New Jersey Detention Hearings Lawyer
Experienced Criminal Defense Attorney Protect Clients’ Rights and Interests in Detention Hearings in Burlington County, Camden County, Gloucester County, and Throughout New Jersey
The detention hearing is a crucial part of your criminal defense. The outcome of the hearing will determine whether you will remain in jail pending trial or be released so that you can assist in your defense in a meaningful way.
Being arrested for a crime can be a disorienting experience. You may be quickly rushed through processing at the police station, before spending a few hours or overnight in a jail cell until you are brought before the court for a detention hearing to determine whether you will be detained in jail during your criminal case. Although recent efforts have been made to expand the availability of pretrial release to defendants, your release is not guaranteed. Only by having a knowledgeable criminal defense attorney to defend your rights and interests can you give yourself the best chance at a favorable outcome to your detention hearing.
Facing A Detention Hearing And Have Questions? I Can Help, Tell Me What Happened.
The outcome of a detention hearing can have serious consequences on the next few months of your life until your criminal trial, including being subject to serious restrictions on your life or even being placed in jail until your trial, regardless of your innocence. You need an experienced attorney such as myself, Attorney John B. Brennan, who will fight to help you keep your freedom during your criminal case. I have decades of experience in New Jersey’s criminal justice system, including 25 years serving as a prosecutor; I’ve seen how the prosecution approaches detention hearings and argues for a defendant’s detention, so I know what arguments work to counter the state’s case for your detention and help secure your release.
Contact me today for a free consultation to discuss how I may be able to help you secure your pretrial release at your detention hearing so that you can get back to your family and your life as soon as possible following your arrest.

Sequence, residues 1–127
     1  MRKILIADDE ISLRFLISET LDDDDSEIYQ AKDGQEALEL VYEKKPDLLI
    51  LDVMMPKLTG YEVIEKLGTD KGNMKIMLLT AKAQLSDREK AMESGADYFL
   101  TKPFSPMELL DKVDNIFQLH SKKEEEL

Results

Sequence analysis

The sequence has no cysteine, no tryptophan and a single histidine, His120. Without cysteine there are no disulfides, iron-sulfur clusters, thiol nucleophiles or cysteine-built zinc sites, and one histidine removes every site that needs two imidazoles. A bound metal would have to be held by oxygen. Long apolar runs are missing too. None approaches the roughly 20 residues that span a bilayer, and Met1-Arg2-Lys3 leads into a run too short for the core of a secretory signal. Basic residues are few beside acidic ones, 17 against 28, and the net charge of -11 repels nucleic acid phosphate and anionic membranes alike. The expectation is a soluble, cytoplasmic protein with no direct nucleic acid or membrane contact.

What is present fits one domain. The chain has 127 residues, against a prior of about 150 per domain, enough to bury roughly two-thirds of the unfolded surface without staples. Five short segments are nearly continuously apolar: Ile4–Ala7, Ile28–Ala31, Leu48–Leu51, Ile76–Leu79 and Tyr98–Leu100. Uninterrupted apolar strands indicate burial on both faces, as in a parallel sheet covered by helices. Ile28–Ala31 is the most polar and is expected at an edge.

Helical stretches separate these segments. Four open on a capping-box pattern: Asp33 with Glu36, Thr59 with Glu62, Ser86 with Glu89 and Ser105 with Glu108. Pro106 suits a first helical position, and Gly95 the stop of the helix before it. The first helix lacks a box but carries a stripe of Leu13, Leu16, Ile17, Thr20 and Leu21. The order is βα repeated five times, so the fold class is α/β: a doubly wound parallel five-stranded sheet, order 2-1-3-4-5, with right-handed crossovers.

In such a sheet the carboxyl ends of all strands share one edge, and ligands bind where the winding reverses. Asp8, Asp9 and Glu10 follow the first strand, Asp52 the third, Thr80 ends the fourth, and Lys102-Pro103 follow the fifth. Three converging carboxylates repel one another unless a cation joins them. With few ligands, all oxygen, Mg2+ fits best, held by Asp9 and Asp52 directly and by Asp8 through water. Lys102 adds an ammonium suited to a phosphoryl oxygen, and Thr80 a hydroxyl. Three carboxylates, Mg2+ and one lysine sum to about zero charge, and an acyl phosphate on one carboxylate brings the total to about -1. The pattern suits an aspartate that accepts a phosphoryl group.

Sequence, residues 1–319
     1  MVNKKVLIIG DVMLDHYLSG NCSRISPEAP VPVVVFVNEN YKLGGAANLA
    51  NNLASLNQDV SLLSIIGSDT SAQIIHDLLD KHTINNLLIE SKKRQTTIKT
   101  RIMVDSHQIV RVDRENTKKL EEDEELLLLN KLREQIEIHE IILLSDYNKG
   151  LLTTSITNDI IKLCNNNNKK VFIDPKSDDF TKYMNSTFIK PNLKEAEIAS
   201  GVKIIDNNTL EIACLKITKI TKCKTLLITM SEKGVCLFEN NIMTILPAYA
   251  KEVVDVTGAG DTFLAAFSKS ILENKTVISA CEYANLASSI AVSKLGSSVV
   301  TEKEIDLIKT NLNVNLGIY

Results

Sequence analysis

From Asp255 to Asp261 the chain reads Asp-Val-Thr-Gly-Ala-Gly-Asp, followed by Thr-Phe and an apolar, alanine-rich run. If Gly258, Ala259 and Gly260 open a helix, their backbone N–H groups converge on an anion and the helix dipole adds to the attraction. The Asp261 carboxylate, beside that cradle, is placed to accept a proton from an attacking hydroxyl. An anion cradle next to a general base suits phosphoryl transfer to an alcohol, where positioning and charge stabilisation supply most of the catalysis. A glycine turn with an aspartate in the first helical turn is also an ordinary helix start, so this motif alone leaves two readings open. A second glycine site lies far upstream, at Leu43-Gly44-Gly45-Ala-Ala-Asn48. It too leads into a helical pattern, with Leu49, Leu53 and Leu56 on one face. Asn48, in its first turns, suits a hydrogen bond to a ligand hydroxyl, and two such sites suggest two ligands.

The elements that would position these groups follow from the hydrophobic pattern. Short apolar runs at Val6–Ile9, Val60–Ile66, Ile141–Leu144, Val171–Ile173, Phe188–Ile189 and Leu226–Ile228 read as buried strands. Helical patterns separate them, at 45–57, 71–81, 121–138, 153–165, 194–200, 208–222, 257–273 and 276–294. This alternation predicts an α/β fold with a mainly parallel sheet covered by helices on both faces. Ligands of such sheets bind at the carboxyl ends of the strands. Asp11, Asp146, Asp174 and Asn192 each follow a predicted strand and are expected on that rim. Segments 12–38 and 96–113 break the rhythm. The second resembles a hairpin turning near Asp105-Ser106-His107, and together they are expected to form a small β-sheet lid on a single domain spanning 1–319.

What Happens at a Detention Hearing
At a detention hearing, the court considers whether to release a criminal defendant during the proceedings of his or her criminal case. Both the defendant and the prosecution can argue for pretrial release, or the prosecution may oppose the defendant’s release, but the decision is up to the trial court. However, except for certain serious and violent crimes, there is a presumption in favor of granting a defendant’s pretrial release.
The trial judge will consider documents presented at the detention hearing, most important of which is the Public Safety Assessment (“PSA”). The PSA offers an opinion on the risk that a defendant poses, providing information about a defendant on factors such as whether the charged offenses were violent in nature, whether the defendant has a prior criminal history, the defendant’s age, or whether the defendant had previously failed to appear in court.
The court will consider the PSA, the arguments of the defendant or defense counsel and the prosecution, and any other information presented by the parties in determining whether to release a defendant pending trial. If the court decides to grant a defendant pretrial release, it can do so in one of three ways:
- Release on recognizance — this is granted only if the court finds that the defendant will appear in court when required, does not pose a danger, will not obstruct justice, and will comply with any condition of release
- Release on conditions — this is granted if a defendant’s appearance in court or safety with the public cannot be guaranteed without certain conditions, such as refraining from committing new crimes, maintaining stable housing or employment, or avoiding contact with all victims and potential witnesses